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Spirulina: Fact or Fiction?

Health junkies have raved about the green, powdery ‘superfood’ for years now, and it finally seems the world is beginning to take note. According to Allied Market Research, “The global spirulina market size was $348 million in 2018, and is projected to reach $779 million by 2026.” 

This is phenomenal growth for what was a relatively unknown product in the mainstream until recently. But are these sales more reflective of the accountability of the product, or the vulnerabilities of an increasingly health-obsessed consumer? 

 

What are the facts?

 

Spirulina is one of the oldest and most nutrient-rich life forms on Earth. It is technically a “cyanobacteria”, or a type of blue-green algae which grows in the subtropical climates of countries such as Mexico, Kenya, Chad and even India. It has been used as a food source in parts of the world for centuries – most notably by the Aztecs – and is often celebrated for its high nutritional content; with each serving containing around 55% to 70% protein as well as high levels of gamma-linolenic acid (GLA), beta carotene, chlorophyll, and 8 essential and 10 non-essential amino acids. [.]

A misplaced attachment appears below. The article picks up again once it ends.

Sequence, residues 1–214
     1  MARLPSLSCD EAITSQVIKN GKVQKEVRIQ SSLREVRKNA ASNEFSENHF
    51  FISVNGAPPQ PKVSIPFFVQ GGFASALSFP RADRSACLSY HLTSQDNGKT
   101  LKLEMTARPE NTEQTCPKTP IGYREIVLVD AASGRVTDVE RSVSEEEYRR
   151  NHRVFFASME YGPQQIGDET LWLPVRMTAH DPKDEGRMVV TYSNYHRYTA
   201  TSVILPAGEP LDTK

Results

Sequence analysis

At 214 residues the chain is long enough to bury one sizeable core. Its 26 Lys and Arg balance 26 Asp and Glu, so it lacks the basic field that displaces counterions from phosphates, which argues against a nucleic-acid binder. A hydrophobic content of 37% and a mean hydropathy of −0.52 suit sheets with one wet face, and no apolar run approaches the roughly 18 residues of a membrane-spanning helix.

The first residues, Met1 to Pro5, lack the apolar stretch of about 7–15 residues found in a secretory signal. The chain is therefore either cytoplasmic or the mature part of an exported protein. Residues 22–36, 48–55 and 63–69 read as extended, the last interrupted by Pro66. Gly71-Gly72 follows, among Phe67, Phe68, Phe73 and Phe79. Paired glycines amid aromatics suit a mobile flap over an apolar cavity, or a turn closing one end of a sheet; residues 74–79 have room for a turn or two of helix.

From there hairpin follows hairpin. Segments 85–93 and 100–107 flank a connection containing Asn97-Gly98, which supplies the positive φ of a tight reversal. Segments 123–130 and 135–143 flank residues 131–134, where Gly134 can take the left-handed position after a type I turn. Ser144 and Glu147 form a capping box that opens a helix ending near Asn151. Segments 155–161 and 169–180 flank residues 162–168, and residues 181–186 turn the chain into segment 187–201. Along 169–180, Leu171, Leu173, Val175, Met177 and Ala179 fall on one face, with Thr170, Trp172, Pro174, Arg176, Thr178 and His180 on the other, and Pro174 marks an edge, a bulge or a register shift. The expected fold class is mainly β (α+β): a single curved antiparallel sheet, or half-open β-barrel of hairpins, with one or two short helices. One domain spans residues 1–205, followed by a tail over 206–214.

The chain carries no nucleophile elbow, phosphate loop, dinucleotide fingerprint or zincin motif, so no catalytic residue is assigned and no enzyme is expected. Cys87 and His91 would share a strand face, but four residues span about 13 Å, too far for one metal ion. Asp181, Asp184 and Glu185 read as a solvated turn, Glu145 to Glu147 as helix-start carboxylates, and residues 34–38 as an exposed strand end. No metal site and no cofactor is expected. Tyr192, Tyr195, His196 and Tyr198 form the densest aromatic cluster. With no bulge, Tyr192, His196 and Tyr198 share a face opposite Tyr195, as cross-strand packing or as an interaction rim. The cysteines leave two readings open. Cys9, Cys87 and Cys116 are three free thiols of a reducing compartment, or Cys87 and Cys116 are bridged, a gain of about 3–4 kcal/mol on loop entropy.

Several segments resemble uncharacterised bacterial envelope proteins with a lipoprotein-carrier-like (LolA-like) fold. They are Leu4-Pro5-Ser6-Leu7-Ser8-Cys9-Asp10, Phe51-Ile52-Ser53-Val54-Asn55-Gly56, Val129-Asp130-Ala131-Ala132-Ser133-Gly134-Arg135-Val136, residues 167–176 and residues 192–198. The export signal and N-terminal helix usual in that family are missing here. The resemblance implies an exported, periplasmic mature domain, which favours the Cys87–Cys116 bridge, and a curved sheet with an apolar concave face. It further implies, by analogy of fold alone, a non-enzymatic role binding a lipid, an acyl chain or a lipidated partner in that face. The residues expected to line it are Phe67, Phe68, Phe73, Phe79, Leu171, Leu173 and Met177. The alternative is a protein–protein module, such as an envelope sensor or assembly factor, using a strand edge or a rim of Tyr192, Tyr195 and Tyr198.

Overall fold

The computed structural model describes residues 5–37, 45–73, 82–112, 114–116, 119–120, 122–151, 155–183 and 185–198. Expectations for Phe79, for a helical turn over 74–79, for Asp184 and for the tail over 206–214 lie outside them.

Spirulina is available to buy internationally without prescription and comes in capsules, tablets, and powder. It can be ingested alone, but it most often mixed into food or drinks as many find the taste to be quite pungent.

 

Real Talk

 

Though it is rich in nutrients and was even lauded by NASA, who put it forth as a food suitable for astronaut consumption, overall there is a lack of evidence regarding the positive impact it has on human physiology. As well as this, many have noted it’s high heavy metal content and suggested that this could even be counter intuitive with regards to health. “Relatively few studies have reported on the quantities of heavy metals/minerals they contain and/or their potential effects on the population’s health”, states Naif Abdullah Al-Dhabi of the Department of King Saud University, in Saudi Arabia [.] Though he also notes that “tested Spirulina food samples were all within the daily intake levels” of heavy metals. Regarding this, it seems that as with any supplement it should be used discerningly at the recommended dose of 1-8 g per day, as no food can really be considered to have real life superpowers.